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of the mind, turning the grace of God into lasciviousness, walking after their own lusts, while their mouths speak great swelling words, and, like genuine descendants of Ishmael, their hands are against every man who will not bow down to their assumed infallibility. But one maxim will be found certain, and worthy of constant remembrancethat whatever tends to exalt self, or to encourage sin, is opposite to genuine Christianity.



In the Quarterly Review for April 1824, there is a paper on the Memoirs of Scott and Newton, pp. 26—52, which can by no means be considered as a Review of those publications ; since it takes very little notice of the life of either. Indeed the only thing to which the writer refers in Mr. Scott's Life, is the account he gave of a child whom he lost when she was very young; on which the Reviewer animadverts, as he suspects it would have weight with those who consider regeneration as distinct from baptism, whom he charges on that account with heterodoxy. He is unwilling to admit this child to have experienced any change, but what may be ascribed to the effects of very early education ; and he seems to consider Mr. Newton's later conversion, after years of profligacy, as attributable to the same cause. He does not profess to ascribe them to their infant baptism ; and, indeed, it is probable, that Mr. Newton's was as irregularly administered, as that of the Archbishops Tillotson and Secker!

The case of Mr. Cowper is introduced early in this paper, p. 26, and again adverted to in p. 48. But, surely, it ought to be remembered, that this amiable man was first afflicted with insanity, before he had the least acquaintance with evangelical religion; while to it he afterwards owed all the happiness of the most comfortable period of his life. And when his malady returned, his distress was owing, not to any sentiment of Calvinism, but to the violent impression on his mind, of an idea as uncalvinistic, as it was “unreasonable and unscriptural.” Yes, it was directly opposed to one dis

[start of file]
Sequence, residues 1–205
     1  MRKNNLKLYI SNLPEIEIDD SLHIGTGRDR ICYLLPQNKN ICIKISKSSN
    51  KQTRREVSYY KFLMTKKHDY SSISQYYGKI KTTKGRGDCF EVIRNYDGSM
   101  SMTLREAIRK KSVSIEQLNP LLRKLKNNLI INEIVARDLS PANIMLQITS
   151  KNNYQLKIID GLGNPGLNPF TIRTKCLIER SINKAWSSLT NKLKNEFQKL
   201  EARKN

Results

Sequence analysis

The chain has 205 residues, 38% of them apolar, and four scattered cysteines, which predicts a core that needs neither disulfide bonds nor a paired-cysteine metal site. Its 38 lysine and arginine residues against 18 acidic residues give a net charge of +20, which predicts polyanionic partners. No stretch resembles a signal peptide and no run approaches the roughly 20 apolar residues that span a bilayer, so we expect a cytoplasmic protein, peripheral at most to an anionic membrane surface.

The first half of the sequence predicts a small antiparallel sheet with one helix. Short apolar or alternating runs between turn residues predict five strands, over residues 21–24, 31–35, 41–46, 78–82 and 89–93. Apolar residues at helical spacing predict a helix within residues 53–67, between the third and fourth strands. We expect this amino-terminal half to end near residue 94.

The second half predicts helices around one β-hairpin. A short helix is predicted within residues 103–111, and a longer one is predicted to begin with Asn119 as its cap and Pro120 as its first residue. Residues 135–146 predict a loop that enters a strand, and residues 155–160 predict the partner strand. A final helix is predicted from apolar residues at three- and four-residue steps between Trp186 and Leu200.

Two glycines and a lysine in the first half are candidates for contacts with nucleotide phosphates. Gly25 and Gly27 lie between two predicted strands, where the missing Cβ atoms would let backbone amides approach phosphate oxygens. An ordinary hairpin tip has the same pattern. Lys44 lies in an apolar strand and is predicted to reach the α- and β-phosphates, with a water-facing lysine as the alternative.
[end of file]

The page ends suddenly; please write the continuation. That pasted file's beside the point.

tinguishing article of his creed, as an acknowledged Calvinist. He still admitted the doctrine of perseverance, as to all other persons in the world who ever had believed in Christ; but he considered his own as an exempt case, such as never had a parallel ; for, in the midst of his despair, he continued to believe that he once loved God, and that God once loved him; but conceived himself to be the only one that God ever cast off. With what shadow of justice can this impression, which was an outrage on Calvinism, be charged upon that system?

As to Mr. Newton, this Reviewer says, with reference to his mother's instructions, We own that we should not be inclined to expect effects so negative, from such positive discipline, or to ascribe so much to the prayers, and so little to the instructions of a parent.

Yet he adds, “ We are much mistaken if her lessons had not fostered in him an indolent, dreamy imagination, little suited to the real duties of life.”

Now, I was intimately acquainted with both these men, for many years, and aver that I never knew men more laboriously eagaged in all the duties of a Christian life. Mr. Newton first invited me to visit him at Olney, in 1768; and from thence to his death, I always esteemed him, and Mr. Hall of Arnsby, (father to Mr. Hall of Leicester, *) as my wisest and most faithful counsellors, in all difficulties. Mr. Newton introduced Mr. Scott, very soon after his embracing evangelical sentiments, to my father, old Mr. Hall, Mr. Fuller, and myself ; describing him, I well remember, as "the man who, he hoped, would prove the Jonathan Edwards of Old England.” My intimacy with him also lasted till his death. And verily, as these men were attentive to all the real duties of life themselves, so were they most earnestly concerned, in the whole course of their ministry, to inculcate practical religion, in all its branches, upon their hearers. Though a dissenter myself, yet I heard them both, often enough to ascertain this : and their publications prove it, to those who had not the blessing of their personal acquaintance.

The Reviewer introduces a far longer account of Madam

Now of Bristol.